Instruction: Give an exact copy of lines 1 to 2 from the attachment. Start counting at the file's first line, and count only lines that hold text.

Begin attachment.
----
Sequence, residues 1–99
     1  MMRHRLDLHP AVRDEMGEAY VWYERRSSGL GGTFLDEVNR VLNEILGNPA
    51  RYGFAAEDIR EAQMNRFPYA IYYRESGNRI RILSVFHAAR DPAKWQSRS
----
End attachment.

Sequence, residues 1–99
     1  MMRHRLDLHP AVRDEMGEAY VWYERRSSGL GGTFLDEVNR VLNEILGNPA